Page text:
In April 1968 the County City Building on Tacoma Avenue was barely a decade old. Having replaced the towering 1890 Romanesque Pierce County Courthouse, the building had hardly earned a place in the region’s history but that was about to change. After Martin Luther King Jr’s assassination on April 4th, Tacoma’s civic leaders, the Ministerial Alliance, the NAACP and civil rights supporters across the region planned a march on Mother’s Day April 7th. It was the first time the government building was the focus of a broad organized civic action with more than a thousand people marching from churches and meeting halls to the steps of local government. The Mother’s Day marches happened across America after Dr. King was killed in Memphis but in Tacoma it marked an important local movement towards civil rights and social justice. In the weeks and months that followed, Tacoma’s City government was thrown into one of the most tumultuous periods in its history resulting in the resignation of the City Manager, recall of a majority of the City Council, and the intersession of the Governor in order to operate the City. Times were changing and sadness led to constructive non-violent action in the City after this important day in our history.MothersDayMarch

From RecapturedCity by Andy Cox

MothersDay2

Tacomans joined a grieving nation in shock over the assassination of Dr. Martin Luther King, Jr. on April 4, 1968. The Tacoma Ministerial Alliance and the Tacoma branch of the NAACP sponsored a memorial march and tribute on Sunday, April 7th. Over 1,000 local citizens joined the silent march from St. John’s Baptist Church, 2001 South “J,” to a rally at the County-City Building. Marchers, black and white, are seen proceeding down So. 9th St.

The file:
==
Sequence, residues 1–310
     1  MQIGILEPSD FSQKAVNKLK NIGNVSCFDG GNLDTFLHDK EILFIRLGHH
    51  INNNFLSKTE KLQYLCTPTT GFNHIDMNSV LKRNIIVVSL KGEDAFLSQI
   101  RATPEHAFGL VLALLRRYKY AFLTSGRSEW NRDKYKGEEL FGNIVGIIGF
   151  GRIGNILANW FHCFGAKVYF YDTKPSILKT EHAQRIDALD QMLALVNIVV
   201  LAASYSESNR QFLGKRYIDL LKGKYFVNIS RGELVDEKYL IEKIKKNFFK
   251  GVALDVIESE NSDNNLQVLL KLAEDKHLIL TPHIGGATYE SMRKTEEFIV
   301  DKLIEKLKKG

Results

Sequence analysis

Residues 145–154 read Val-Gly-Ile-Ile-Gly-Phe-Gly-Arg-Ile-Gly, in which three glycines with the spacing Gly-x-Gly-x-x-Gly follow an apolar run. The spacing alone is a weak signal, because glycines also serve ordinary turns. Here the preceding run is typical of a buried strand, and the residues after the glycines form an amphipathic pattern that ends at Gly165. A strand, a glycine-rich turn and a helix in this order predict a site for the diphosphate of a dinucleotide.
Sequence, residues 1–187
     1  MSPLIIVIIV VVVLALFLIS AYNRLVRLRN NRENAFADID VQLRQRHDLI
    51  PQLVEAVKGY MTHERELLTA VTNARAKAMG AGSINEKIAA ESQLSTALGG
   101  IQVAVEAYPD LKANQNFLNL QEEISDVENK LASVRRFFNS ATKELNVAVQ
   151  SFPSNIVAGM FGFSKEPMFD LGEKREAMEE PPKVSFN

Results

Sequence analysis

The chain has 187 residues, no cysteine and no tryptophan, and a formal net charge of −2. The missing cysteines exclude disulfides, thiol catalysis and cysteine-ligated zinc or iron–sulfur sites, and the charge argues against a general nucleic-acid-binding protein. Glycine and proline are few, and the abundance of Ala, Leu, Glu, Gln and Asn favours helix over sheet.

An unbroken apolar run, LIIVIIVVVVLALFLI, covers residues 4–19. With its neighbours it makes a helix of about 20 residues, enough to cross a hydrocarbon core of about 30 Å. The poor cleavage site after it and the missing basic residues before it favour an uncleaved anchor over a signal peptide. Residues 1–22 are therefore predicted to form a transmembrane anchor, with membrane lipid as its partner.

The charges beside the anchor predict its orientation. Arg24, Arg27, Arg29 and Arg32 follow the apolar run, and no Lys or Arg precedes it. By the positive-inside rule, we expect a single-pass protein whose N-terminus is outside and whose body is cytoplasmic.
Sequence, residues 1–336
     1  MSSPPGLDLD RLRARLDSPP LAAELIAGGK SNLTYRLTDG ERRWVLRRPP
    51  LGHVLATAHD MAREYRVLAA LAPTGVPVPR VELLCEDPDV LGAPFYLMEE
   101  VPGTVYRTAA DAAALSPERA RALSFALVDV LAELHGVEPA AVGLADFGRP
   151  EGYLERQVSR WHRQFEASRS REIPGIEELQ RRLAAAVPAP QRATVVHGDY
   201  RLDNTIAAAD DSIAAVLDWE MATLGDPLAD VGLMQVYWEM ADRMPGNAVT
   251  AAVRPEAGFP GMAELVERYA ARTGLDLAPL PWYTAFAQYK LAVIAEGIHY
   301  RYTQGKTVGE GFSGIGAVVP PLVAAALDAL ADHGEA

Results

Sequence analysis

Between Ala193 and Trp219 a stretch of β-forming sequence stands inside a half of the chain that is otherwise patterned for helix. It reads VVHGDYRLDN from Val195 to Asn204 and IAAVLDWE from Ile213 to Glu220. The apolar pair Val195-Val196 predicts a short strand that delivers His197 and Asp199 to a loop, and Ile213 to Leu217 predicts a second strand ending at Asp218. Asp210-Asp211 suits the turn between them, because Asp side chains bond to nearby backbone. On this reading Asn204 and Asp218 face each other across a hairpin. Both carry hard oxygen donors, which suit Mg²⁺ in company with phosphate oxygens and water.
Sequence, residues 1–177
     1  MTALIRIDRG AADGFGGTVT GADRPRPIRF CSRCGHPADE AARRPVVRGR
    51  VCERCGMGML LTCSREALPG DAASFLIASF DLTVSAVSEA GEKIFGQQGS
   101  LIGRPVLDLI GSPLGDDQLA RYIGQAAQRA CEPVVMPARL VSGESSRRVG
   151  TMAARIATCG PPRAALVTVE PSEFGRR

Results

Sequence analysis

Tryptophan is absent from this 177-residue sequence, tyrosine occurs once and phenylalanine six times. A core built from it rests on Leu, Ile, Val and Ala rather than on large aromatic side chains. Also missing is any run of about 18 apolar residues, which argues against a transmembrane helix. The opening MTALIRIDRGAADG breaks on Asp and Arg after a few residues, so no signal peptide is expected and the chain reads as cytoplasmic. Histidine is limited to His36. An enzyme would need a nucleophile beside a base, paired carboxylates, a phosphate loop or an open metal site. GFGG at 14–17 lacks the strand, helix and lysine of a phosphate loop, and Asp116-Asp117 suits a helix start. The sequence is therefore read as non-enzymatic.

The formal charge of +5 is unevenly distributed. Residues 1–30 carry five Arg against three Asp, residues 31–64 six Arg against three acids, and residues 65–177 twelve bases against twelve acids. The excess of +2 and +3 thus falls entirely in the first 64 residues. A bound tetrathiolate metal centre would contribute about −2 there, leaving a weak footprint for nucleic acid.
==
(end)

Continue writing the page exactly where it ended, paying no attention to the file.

MothersDay1

Memorial march for Dr. Martin Luther King, Jr. Sunday, April 7, 1968, was a solemn day in Tacoma and other cities in the nation. Americans paid tribute to the slain civil rights leader, Dr. Martin Luther King, Jr., with memorial services, marches and a national day of mourning declared by President Lyndon Johnson. 1000 people, black and white, including a large number of young people and accompanied by a police escort, participated in a silent march in Tacoma. They marched from South “J” Street to 9th, swung down to Tacoma Avenue and turned right to gather in front of the County-City Building. There they would listen to speeches from the Rev. J.A. Boles and Frank Russell, president of the Tacoma branch of the NAACP, among others.

TPL

Written by tacomahistory

This site is about the way history, in this case of a city and it's surrounds, is remembered or recorded in stories and small bits of memory. It's also about the way images and stories go together, how they inform and enrich each other and how we as thinking people fill in the content between a narrative and a visual document. So here is my city in time past, the way it looked and the people and events that create its character. For more than 20 years I have taught a 5 credit course on the History of Tacoma at the University of Washington Tacoma. With an average of 30 or 40 students a year, each doing a research paper as their primary focus for the course, I have benefited from many paths of inquiry and many researched and assembled stories. Here are some of them in the retelling along with the treasures of photographs and images in the collections of the Washington State Historical Society, Tacoma Public Library, University of Washington Digital Archives, Washington State Archives at the Office of the Secretary of State, Library of Congress, Washington State University, Alaska State Library, and many other archives, libraries and private collections.

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